In pop culture, many psychological concepts are frequently misunderstood–for example, many people mistakenly believe that feelings of sadness are the same as ongoing clinical depression. One of the concepts that is often the most seriously misunderstood is trauma. Fortunately, psychologists such as Dr. James Campbell are here to help clear up what trauma actually is. Keep reading to learn what psychologists want you to know about trauma.
What Causes Trauma?
One thing you should know about trauma is that it can be caused by a variety of factors. While traumatic experiences often involve a threat to your life or safety, any stressful experience that leaves you feeling scared or overwhelmed can result in trauma. Trauma isn’t confined to single, discrete experiences, either, and it can also be caused by prolonged, relentless stress. For example, someone who was involved in a car accident and someone who experienced ongoing bullying can both be traumatized by their experiences.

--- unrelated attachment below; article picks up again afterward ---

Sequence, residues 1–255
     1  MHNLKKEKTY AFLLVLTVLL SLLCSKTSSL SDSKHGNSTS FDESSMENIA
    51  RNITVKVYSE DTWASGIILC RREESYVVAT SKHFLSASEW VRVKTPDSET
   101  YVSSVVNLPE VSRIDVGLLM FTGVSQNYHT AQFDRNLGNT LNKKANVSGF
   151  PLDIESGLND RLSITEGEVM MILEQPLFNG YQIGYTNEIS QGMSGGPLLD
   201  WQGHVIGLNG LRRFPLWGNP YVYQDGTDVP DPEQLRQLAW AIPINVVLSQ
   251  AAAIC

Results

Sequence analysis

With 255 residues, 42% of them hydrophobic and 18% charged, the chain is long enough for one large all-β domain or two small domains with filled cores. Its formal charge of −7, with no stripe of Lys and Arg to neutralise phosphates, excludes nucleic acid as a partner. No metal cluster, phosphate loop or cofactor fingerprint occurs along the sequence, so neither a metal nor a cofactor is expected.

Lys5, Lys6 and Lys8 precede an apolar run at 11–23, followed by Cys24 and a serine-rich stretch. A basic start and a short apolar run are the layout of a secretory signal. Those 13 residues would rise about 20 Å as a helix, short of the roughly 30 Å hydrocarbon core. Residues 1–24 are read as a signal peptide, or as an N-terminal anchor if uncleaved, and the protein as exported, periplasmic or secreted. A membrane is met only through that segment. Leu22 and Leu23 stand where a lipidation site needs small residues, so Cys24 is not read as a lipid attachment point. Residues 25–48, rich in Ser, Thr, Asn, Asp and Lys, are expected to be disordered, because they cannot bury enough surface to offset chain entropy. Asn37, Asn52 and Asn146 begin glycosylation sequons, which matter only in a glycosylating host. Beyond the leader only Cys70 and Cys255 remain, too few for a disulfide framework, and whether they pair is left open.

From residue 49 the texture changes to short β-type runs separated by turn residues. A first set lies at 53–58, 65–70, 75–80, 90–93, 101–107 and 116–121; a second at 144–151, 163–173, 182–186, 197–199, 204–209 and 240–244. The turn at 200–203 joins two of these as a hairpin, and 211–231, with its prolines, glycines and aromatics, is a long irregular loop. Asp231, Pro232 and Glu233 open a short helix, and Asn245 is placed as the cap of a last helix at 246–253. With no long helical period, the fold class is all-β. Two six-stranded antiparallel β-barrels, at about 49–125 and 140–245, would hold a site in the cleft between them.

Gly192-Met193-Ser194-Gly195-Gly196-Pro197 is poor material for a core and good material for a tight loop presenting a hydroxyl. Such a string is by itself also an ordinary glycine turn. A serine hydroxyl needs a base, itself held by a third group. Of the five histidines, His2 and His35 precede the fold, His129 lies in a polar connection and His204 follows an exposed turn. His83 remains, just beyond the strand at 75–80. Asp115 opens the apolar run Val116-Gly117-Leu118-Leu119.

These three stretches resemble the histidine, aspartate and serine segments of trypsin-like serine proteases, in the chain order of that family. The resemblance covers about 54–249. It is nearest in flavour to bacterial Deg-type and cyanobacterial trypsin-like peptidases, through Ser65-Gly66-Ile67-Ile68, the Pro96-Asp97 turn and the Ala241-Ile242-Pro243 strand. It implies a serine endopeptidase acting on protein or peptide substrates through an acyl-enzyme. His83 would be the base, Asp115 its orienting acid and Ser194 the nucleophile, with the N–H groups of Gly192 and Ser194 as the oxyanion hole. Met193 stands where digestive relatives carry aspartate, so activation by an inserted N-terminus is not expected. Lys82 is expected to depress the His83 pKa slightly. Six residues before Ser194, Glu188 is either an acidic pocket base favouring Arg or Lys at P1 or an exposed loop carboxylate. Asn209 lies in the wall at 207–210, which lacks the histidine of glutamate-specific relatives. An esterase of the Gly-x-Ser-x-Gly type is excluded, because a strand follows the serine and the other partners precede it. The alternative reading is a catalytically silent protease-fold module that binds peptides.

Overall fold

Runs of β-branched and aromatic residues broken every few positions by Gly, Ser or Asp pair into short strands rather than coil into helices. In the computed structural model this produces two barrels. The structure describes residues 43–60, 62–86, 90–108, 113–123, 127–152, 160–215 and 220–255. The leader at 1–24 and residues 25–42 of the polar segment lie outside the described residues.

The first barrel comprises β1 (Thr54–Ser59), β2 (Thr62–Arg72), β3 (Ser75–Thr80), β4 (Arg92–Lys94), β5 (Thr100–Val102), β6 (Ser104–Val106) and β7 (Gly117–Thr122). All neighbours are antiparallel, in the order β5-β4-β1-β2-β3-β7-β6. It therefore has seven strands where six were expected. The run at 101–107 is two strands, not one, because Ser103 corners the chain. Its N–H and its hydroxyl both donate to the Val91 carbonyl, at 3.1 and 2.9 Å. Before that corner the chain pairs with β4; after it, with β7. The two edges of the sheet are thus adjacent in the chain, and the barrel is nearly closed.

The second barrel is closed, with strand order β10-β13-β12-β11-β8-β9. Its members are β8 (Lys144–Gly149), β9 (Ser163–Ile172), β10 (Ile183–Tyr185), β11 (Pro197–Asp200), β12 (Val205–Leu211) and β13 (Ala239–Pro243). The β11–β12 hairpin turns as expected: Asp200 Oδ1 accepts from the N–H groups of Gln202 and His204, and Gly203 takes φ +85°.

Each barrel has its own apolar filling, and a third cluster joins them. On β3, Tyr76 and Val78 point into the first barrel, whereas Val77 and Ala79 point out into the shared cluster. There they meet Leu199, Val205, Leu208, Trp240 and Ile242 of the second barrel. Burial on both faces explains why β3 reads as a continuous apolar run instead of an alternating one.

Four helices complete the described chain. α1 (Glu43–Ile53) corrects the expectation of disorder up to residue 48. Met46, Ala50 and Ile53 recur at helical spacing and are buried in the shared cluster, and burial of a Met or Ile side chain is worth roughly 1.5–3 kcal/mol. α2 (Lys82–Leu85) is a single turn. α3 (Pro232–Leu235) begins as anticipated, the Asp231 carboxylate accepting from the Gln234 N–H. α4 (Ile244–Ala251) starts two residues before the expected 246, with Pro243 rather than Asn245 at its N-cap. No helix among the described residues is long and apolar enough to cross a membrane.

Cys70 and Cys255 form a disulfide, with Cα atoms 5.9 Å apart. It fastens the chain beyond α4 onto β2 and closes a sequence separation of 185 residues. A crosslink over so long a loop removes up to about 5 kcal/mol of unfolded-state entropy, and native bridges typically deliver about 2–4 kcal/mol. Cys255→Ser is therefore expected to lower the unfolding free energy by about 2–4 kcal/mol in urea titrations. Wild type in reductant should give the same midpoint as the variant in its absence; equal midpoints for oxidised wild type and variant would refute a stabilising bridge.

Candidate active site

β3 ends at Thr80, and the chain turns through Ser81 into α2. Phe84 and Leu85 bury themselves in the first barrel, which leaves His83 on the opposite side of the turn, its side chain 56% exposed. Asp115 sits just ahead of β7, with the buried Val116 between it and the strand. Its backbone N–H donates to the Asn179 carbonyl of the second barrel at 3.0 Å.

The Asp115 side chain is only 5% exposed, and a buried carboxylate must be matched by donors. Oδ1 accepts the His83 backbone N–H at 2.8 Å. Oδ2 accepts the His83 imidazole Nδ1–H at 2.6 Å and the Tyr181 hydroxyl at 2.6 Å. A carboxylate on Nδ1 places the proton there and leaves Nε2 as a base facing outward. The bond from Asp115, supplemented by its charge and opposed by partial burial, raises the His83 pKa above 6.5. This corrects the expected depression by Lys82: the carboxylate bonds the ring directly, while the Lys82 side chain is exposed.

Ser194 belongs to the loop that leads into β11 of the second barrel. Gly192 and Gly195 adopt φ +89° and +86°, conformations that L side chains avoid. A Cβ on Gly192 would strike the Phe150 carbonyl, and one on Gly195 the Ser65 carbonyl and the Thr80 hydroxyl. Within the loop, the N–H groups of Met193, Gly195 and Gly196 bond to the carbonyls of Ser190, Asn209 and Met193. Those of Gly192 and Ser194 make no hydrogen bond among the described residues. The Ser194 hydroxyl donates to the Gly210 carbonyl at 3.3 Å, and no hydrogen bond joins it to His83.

Symptoms of Trauma
Another thing that psychologists wish more people knew about trauma is the many symptoms it can cause. Some of the possible emotional effects of trauma include feeling sad, hopeless, disconnected, numb, guilty, ashamed, confused, or shocked. Physically, you may experience fatigue, insomnia, nightmares, aches and pains, muscle tension, or a racing heartbeat. Other common symptoms include becoming startled more easily, having difficulty concentrating, or becoming hypervigilant to possible danger, even when in a safe environment.
Trauma Needs Validation
A third thing that psychologists want people to know about trauma is that no one can heal from their experiences without acknowledging that their pain and suffering are real and validating their emotional response. Trauma symptoms are normal responses to abnormal experiences, and trying to “power through” them or will them away by “sucking it up” will not work.
If you or a loved one is having difficulty dealing with trauma, contact the office of Dr. James Campbell, LLC to schedule an appointment. Healing is possible, and you should not be ashamed to seek help.